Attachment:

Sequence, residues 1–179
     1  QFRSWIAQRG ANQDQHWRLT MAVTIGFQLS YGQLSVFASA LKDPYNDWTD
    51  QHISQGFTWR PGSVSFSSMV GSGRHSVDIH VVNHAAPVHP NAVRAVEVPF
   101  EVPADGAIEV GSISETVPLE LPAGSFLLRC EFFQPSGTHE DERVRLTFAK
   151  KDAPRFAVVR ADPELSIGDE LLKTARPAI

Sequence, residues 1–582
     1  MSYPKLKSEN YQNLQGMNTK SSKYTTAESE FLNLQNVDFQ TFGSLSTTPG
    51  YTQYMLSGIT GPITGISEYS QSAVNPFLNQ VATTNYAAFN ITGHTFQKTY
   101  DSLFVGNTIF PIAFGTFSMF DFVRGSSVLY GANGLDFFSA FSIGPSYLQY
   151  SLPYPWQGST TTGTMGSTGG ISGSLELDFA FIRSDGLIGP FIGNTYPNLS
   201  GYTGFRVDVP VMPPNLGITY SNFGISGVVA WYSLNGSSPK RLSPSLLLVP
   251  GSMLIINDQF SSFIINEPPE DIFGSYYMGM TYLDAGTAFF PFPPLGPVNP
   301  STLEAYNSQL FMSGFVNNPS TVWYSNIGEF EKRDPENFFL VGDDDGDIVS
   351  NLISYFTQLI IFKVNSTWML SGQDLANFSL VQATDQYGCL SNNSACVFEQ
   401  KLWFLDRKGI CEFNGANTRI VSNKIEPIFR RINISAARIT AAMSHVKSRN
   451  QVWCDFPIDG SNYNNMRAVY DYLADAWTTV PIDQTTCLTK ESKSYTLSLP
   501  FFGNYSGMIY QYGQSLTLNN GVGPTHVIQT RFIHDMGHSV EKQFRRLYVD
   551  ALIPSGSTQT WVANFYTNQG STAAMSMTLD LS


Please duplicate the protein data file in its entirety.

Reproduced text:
Sequence, residues 1–179
     1  QFRSWIAQRG ANQDQHWRLT MAVTIGFQLS YGQLSVFASA LKDPYNDWTD
    51  QHISQGFTWR PGSVSFSSMV GSGRHSVDIH VVNHAAPVHP NAVRAVEVPF
   101  EVPADGAIEV GSISETVPLE LPAGSFLLRC EFFQPSGTHE DERVRLTFAK
   151  KDAPRFAVVR ADPELSIGDE LLKTARPAI

Sequence, residues 1–582
     1  MSYPKLKSEN YQNLQGMNTK SSKYTTAESE FLNLQNVDFQ TFGSLSTTPG
    51  YTQYMLSGIT GPITGISEYS QSAVNPFLNQ VATTNYAAFN ITGHTFQKTY
   101  DSLFVGNTIF PIAFGTFSMF DFVRGSSVLY GANGLDFFSA FSIGPSYLQY
   151  SLPYPWQGST TTGTMGSTGG ISGSLELDFA FIRSDGLIGP FIGNTYPNLS
   201  GYTGFRVDVP VMPPNLGITY SNFGISGVVA WYSLNGSSPK RLSPSLLLVP
   251  GSMLIINDQF SSFIINEPPE DIFGSYYMGM TYLDAGTAFF PFPPLGPVNP
   301  STLEAYNSQL FMSGFVNNPS TVWYSNIGEF EKRDPENFFL VGDDDGDIVS
   351  NLISYFTQLI IFKVNSTWML SGQDLANFSL VQATDQYGCL SNNSACVFEQ
   401  KLWFLDRKGI CEFNGANTRI VSNKIEPIFR RINISAARIT AAMSHVKSRN
   451  QVWCDFPIDG SNYNNMRAVY DYLADAWTTV PIDQTTCLTK ESKSYTLSLP
   501  FFGNYSGMIY QYGQSLTLNN GVGPTHVIQT RFIHDMGHSV EKQFRRLYVD
   551  ALIPSGSTQT WVANFYTNQG STAAMSMTLD LS